The international star of the Vancouver Olympics might end up being an irresistible figure skater or a charismatic skier.

It’s a safe bet no athlete or team, though, will match the Canadian hockey team’s rock-star like following.

Coach Mike Babcock said he and his star-studded roster will be ready.

“This is our game in this country and our passionate fans have bought 17,000 tickets for our scrimmage,” Babcock said Thursday in a telephone interview with The Associated Press. “All summer, I’ve been getting a taste for how fired up people are because everywhere I go people are asking, ‘Who’s on the team? Who are you going to play with Sidney Crosby?’

“I don’t think the passion and expectations are going to sneak up on anybody.”

Babcock says it has been a “fantastic” experience to be surrounded by some of the game’s best players and coaches during this week’s four-day orientation camp in Calgary, Alberta.

Hockey Canada executive director Steve Yzerman invited 46 players to gather for practices and off-the-ice bonding in the hopes of creating chemistry the team lacked during an awful showing at the 2006 Turin Games.

In mid- or late December, the 23-man roster will be picked.

“I’d prefer not to say how many guys we expect to be on the team,” Yzerman said. “But a few guys you would assume would be on it.”

Sidney Crosby, for one, has a spot locked up and likely will be on a line with Rick Nash – a duo Babcock already likes together – and perhaps Jarome Iginla.

Yzerman, a former Detroit Red Wing who will be inducted into the Hockey Hall of Fame this year, will select and shape a roster with some help from Red Wings general manager Ken Holland, Edmonton Oilers executive Kevin Lowe and St. Louis Blues executive Doug Armstrong.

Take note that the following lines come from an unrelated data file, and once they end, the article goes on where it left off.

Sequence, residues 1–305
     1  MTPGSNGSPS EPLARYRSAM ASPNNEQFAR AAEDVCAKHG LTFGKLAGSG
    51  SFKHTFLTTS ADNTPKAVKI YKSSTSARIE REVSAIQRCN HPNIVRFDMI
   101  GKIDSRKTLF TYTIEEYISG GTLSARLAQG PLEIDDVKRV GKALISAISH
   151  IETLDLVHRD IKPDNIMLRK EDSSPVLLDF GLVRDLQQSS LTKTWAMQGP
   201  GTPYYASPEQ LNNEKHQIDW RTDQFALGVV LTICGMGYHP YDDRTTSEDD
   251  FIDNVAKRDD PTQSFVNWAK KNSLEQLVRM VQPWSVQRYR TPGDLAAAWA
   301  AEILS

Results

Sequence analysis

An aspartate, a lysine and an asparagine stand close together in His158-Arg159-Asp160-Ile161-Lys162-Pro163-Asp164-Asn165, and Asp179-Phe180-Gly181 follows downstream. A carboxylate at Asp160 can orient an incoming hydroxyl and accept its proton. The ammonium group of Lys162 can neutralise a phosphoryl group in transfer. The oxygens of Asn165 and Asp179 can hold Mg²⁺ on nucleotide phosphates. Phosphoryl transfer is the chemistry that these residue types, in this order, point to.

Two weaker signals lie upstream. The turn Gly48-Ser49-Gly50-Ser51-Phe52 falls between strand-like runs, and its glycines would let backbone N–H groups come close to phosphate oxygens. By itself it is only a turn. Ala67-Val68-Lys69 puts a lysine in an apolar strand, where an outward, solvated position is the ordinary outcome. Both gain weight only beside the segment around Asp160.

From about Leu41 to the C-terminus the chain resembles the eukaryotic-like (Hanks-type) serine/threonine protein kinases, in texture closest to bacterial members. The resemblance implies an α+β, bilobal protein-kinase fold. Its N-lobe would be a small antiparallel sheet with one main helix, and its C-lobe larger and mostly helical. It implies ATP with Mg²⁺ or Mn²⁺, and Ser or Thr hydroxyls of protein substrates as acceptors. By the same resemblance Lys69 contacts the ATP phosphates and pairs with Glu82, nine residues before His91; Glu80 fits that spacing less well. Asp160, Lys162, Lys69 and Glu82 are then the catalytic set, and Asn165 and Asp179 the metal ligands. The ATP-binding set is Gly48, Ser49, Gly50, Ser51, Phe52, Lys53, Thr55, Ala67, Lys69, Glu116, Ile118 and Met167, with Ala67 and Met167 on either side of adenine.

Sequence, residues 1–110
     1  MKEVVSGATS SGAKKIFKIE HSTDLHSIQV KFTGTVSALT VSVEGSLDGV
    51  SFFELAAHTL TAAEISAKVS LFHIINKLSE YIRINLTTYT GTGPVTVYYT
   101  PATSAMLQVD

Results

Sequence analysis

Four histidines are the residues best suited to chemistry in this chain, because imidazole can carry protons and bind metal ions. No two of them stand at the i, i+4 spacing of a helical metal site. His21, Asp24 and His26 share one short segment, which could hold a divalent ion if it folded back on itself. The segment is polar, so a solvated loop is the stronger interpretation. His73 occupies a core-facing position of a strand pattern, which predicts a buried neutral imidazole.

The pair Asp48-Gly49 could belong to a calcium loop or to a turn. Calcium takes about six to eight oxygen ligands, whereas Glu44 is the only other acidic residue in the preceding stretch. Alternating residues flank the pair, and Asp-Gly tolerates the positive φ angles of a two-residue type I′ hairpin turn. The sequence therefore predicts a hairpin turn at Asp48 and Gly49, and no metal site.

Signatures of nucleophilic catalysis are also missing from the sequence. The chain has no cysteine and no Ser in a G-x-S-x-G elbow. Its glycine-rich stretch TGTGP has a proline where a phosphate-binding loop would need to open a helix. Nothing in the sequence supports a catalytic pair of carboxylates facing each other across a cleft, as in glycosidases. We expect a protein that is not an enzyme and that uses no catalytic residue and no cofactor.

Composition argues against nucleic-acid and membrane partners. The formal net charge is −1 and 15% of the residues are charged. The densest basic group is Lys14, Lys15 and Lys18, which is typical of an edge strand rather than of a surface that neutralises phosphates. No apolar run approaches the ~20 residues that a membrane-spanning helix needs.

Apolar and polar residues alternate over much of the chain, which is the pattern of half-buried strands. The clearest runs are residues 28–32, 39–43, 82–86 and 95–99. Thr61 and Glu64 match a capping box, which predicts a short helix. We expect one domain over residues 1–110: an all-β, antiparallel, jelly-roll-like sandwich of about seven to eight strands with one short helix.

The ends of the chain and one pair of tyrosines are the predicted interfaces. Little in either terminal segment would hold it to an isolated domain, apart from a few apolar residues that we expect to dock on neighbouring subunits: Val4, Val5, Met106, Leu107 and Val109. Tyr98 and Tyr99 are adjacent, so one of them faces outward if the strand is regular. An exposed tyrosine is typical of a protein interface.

Holland said the orientation camp plays an important part of the process, even though players are not necessarily being evaluated.

“It’s been an opportunity to bond on the ice each day, and then at the dinner table, on the golf course and out fishing,” Holland said. “We expect to have only one practice as a full team when we get to Vancouver, so this also gives us an opportunity to expose the players to things such as how we plan to handle the power play and penalty kill.

“We’re also working on logistics such as handling tickets for family and getting their sizes for clothes and gear. So when they land in Vancouver, they can focus on just playing hockey.”

Yzerman said this week was not the right time to give tips on handling the hype and expectations the team will be engulfed with in February.

“We’ll wait to address that topic until the final roster is set and we’re back in Vancouver,” he said.

Crosby, who helped the Pittsburgh Penguins beat the Babcock-led Red Wings for the Stanley Cup in June, was left off the previous Olympic team by Wayne Gretzky.

Gretzky chose to stick with some veterans in their mid-30s from the gold-medal winning team in Salt Lake City instead of adding younger and faster players such as Crosby, Jason Spezza and Eric Staal to keep up with quicker European teams.

It didn’t work out.

A team full of NHL standouts was shut out in three of its last four games, including a 2-0 defeat against the speedy Russians in the quarterfinals.

The Canadians lamented the fact that they didn’t have much time to mesh together as teammates or friends before competing in Italy.

Yzerman, a Red Wings executive, is confident Babcock will figure out a way to get the most out of the team after watching him closely in Detroit.

“He’s been successful at every level, including internationally,” Yzerman said. “He’s also a strong leader and personality and that’s something we’ll need as we’re heavily scrutinized in Vancouver.”

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